WHEN HIS FANS were tuning out, Bill Bidwill was taking stands and counting money. As the losses piled up and his organization was the butt of jokes, the Cardinals owner continued to take stands and count money.

Bidwill's organization made little pretense of competing. The Cardinals generally stunk in St. Louis, where they went 28 years without hosting a playoff game, and they stunk even more in Arizona, where they spent nearly 20 seasons losing everything except the profits.

Then Bill's son, Michael, joined the family business. And his father started listening.

Michael Bidwill earned a law degree in 1990 and spent six years as a federal prosecutor before joining the Cardinals in 1996. His title was vice president/general counsel, but his mission was to get a new stadium.

In 2000, the same Maricopa County voters who had rejected previous proposals approved Proposition 302, essentially taxing tourists to provide 65 percent of the funding. After 21 acrimonious months, a site was found in Glendale. Less than a year later, in April 2003, bulldozers cranked up in the Phoenix suburb. The stadium opened in August 2006, 18 months before Arizona would host a Super Bowl in its massive silver barn.

Now, less than a year after Super Bowl XLII at the University of Phoenix Stadium, the Cardinals are hosting the NFC championship game. They are one victory away from playing in Super Bowl XLIII in Tampa, Fla.

Michael is now the team president, yet Bill remains the owner. Both are delighted.

The 49ers might want to study this. And it wouldn't hurt the Raiders to take notice.

Our local teams have fallen on hard times, and the common denominator is recalcitrant owners doing it their way, deaf to other ideas, even while surrounded by flames of their own creation. John York was handed a winning coach, Steve Mariucci, and fired him. Al Davis discovered a winning coach, Jon Gruden, and traded him.

York and Davis have been starting over ever since, and though neither has found a solution, York seems to be following a definitive plan. He's phasing himself out, placing the team in the hands of his eldest son, Jed.

Jed York's new title is team president, and he's behind the decisions to dismiss coach Mike Nolan, promote Mike Singletary to interim status and ultimately give Singletary a four-year contract.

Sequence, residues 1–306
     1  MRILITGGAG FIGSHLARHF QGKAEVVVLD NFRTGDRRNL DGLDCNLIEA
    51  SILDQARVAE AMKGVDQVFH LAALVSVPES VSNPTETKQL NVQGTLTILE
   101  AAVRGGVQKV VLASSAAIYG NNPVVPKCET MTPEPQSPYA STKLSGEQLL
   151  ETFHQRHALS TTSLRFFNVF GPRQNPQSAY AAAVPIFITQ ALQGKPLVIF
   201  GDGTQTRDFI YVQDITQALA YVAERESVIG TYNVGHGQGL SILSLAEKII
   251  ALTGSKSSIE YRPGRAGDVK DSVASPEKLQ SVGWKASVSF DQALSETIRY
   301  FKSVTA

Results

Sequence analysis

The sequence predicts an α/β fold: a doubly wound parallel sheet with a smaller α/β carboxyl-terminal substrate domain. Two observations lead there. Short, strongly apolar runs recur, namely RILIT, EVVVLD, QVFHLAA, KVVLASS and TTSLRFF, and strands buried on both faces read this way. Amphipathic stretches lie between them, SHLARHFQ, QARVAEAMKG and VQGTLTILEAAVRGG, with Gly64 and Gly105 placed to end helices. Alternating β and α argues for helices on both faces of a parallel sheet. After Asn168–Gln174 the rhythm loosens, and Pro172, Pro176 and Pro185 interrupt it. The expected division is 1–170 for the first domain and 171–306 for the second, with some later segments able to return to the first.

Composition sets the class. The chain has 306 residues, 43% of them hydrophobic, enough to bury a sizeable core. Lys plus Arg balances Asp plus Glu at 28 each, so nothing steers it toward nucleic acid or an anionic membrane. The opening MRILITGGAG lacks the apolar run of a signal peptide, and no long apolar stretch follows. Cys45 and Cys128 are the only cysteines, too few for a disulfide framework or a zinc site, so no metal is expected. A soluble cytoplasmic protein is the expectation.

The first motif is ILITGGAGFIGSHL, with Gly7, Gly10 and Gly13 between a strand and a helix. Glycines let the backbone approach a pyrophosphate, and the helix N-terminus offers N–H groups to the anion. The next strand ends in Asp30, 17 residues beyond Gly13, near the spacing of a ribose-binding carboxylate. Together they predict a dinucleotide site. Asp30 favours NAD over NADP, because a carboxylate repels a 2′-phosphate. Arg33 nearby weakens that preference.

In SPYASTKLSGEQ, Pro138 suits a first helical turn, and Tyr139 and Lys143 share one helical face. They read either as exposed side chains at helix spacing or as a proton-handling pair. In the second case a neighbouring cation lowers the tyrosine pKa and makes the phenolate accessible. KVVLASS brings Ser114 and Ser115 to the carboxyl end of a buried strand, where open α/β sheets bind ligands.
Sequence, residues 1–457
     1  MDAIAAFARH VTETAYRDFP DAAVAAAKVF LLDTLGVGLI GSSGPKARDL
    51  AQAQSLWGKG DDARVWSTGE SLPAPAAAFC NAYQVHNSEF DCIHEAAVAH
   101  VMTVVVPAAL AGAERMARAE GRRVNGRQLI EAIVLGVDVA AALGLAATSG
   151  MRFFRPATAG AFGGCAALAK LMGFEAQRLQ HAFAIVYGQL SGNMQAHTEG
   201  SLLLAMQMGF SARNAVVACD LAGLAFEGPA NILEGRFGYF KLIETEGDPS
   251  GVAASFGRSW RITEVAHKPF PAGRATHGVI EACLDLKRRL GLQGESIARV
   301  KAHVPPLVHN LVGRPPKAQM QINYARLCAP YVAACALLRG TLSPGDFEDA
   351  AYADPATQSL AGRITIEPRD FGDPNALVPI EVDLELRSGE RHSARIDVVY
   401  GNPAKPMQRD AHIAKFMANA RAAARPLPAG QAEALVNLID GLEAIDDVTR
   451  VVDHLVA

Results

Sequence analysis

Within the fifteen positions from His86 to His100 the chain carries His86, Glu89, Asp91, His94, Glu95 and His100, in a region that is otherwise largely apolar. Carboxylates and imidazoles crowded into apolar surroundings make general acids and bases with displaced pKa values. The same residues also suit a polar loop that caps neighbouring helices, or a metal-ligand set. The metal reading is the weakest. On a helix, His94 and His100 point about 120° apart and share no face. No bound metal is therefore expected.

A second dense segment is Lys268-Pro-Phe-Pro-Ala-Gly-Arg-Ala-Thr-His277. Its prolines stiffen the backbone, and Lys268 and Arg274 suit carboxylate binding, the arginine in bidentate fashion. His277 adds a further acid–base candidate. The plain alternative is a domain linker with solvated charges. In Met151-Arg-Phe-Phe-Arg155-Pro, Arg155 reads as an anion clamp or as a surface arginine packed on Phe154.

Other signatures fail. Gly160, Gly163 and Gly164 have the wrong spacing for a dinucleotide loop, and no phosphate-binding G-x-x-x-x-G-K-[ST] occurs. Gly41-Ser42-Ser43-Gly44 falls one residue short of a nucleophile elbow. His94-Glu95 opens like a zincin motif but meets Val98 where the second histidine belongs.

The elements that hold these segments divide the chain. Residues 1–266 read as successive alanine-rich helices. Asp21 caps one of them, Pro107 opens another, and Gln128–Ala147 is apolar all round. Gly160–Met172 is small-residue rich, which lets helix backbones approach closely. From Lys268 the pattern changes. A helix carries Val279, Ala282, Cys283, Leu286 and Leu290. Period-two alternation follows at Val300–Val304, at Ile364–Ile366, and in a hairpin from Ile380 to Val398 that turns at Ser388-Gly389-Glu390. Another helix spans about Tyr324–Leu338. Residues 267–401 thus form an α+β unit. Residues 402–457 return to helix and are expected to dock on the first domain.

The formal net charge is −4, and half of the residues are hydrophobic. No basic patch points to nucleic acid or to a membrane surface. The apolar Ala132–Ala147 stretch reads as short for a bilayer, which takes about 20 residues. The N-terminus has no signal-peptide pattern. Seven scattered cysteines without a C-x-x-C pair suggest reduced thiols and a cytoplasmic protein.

While Jed's primary purpose is to return the 49ers to elite status, his immediate mission is to get a new stadium. If he is as effective as Michael Bidwill was, San Francisco will have a new facility by 2018.

The Cardinals' success surely is linked to the stadium. The team that sold out 12 games in 18 seasons while borrowing Sun Devil Stadium has sold out every game since the move-in. In the process, the organization once without a fan base has stolen the Sonoran desert from the beloved Phoenix Suns.

The Cardinals began building in 2004, when Michael spent $11 million to hire Dennis Green, who had experienced success at Minnesota, and Green drafted Larry Fitzgerald. The Cardinals added Kurt Warner in 2005 and shelled out big money for free agent Edgerrin James in '06. When the losses kept coming and it was apparent general manager Rod Graves was ceding too much influence to the coach, the Bidwills fired Green — and promptly signed Graves to a three-year extension.

When Michael Bidwill and Graves replaced Green — eating the final year of his contract — with Pittsburgh offensive coordinator Ken Whisenhunt, arguably the NFL's hottest assistant, it further indicated the Cardinals were committed to winning and that spending would not get in the way.

Meanwhile, the Cardinals invested in a new practice facility. The organization that was too cheap to fly in prospects for workouts joined the rest of the league in doing exactly that. Free agents kept coming, including linebacker Chike Okeafor at $25 million.

The old Cardinals would have ignored Pro Bowl wideout Fitzgerald's pleas for a new deal. The new Cardinals re-signed him last offseason for four years at $40 million.

No longer is this Bill Bidwill's team, all eyes on the payroll, squeezing Jefferson's head off every nickel, as a matter of principle. And his mind was changed not by three decades of futility but by his son's reasoned voice.

Suddenly, the Cardinals matter. The jokes have been silenced. A monster is growing in the desert.

Your turn, Jed York. And the Davises of Oakland, Al and son Mark — or whomever Al chooses to take over the Raiders — also ought to pay attention.

Contact Monte Poole at mpoole@bayareanewsgroup.com.